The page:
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Italy’s prime minister likens EU situation to sinking ship

Italian Prime Minister Matteo Renzi (AFP)

Italy’s prime minister says the situation of the European Union resembles a sinking ship and the leadership of the continental bloc keeps ignoring the growing demands for change.

“The EU is like the orchestra playing on the Titanic,” Matteo Renzi said Wednesday, referring to the giant British vessel which sank in the North Atlantic in the early 20th century with the famous music band on the deck keeping on playing until they drowned.

“Today we have done reforms and we are in a position to say to EU partners: ‘friends, we can change this wrong, bureaucratic approach,’” Renzi stated.

On Tuesday, the Italian government urged the EU to adopt a two-speed approach to its future development.

The administration of Renzi and the EU leadership in Brussels have been at odds over demands by the Italian government for leeway on the budget rules of the EU Stability and Growth Pact to allow Rome to revive Italy’s economy with tax cuts and growth-orientated spending.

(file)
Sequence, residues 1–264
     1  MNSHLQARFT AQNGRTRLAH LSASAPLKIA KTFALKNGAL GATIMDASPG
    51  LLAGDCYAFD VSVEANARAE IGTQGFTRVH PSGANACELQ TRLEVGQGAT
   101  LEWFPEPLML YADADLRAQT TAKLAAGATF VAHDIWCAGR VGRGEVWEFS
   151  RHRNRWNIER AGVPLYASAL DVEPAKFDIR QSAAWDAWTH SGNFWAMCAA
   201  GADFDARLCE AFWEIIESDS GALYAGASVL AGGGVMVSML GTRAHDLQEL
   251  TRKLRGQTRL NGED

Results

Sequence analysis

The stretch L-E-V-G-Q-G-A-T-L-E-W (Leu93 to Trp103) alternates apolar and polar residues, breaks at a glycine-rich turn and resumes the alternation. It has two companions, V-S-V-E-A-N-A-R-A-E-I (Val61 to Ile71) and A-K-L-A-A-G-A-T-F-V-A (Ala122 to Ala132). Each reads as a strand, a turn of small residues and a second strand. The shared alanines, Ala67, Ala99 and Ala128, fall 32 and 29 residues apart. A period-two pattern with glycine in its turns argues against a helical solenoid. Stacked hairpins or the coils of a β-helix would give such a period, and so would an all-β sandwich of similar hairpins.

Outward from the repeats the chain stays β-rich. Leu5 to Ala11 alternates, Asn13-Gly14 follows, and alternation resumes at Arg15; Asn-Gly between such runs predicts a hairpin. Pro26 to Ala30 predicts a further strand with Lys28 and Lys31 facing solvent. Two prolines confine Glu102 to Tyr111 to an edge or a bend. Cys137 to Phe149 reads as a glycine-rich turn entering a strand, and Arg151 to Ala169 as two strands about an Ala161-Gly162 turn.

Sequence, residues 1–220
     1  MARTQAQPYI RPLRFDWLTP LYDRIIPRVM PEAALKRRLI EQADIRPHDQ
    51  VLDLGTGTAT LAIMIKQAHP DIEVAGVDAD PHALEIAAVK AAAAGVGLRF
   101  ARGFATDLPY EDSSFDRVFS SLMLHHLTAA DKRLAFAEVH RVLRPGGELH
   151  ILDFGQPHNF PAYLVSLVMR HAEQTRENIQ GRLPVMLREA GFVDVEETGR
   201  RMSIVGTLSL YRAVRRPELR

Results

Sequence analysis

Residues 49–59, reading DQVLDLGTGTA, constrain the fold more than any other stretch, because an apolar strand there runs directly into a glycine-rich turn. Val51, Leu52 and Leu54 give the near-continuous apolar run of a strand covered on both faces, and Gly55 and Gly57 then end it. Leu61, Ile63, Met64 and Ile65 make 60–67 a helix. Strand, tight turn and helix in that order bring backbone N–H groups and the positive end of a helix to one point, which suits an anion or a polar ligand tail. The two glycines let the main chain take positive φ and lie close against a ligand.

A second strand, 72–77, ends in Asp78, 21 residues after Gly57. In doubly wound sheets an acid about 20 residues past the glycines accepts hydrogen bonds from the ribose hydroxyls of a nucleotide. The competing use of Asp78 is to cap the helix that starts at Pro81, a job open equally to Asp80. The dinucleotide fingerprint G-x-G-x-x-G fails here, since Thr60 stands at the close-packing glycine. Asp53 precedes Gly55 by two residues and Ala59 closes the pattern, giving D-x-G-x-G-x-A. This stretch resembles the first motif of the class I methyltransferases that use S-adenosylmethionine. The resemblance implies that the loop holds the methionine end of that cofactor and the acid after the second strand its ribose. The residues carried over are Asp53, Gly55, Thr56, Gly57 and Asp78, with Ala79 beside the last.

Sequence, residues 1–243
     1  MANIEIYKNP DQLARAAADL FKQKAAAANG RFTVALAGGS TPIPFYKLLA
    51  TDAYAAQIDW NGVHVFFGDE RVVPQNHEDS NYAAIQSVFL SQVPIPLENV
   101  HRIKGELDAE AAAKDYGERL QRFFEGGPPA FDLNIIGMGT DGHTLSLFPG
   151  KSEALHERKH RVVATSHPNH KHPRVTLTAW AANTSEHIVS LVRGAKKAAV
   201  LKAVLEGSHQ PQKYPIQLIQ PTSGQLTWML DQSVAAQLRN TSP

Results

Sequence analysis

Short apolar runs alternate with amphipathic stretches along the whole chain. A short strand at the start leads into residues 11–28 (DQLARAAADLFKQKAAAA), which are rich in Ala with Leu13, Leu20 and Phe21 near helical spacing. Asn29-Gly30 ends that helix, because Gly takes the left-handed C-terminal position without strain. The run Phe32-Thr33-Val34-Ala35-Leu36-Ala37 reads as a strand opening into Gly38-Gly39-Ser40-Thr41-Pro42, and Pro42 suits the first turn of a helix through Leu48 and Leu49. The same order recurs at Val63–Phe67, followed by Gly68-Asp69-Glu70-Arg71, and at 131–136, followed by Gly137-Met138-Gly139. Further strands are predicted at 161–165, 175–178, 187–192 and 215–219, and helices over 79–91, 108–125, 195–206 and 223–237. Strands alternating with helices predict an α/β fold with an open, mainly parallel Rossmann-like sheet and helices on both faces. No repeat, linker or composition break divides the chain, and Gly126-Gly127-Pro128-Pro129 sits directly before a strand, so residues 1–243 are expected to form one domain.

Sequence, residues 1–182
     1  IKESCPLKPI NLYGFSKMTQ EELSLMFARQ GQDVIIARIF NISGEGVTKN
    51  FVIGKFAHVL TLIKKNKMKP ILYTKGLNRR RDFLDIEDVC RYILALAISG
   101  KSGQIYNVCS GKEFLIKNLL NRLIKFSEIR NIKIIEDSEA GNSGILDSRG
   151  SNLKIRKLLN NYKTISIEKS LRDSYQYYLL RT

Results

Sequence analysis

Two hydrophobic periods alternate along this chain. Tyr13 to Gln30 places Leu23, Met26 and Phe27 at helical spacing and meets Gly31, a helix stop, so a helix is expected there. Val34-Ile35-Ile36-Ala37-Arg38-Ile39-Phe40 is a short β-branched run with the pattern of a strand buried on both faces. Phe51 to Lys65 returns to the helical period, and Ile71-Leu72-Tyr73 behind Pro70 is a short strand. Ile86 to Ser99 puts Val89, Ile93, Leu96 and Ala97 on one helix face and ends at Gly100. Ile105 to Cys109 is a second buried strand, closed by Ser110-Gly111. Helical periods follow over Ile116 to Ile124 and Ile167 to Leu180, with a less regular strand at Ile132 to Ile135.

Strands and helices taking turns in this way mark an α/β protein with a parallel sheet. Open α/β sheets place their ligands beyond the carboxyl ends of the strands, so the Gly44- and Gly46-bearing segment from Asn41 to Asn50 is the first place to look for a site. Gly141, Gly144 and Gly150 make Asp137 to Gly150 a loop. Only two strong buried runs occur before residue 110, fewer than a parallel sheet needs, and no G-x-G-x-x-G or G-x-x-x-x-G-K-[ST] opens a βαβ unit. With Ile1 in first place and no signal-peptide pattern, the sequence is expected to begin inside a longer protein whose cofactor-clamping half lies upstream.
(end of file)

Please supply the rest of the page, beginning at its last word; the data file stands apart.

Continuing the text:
Renzi has described the German-inspired package the “Stupidity Pact.”

The 41-year-old former mayor of Florence has also lashed out in several occasions at Brussels over its failure to act decisively over the refugee crisis or the conflict in Libya, saying the “technocrats” in the European Union are ruining the aspirations of the bloc.

The Italian premier believes he is a Europhile, but his continued criticism of major EU powers such as France and Germany has made many believe that Renzi is a Eurosceptic.

Italy has also supported demands by Britain to opt out of the EU’s so-called ever-closer principle written in the EU treaties.

Britain has demanded an opt out from the "ever closer" principle written into EU treaties as part of a package of reforms it wants agreed before holding an in-out referendum on its membership.


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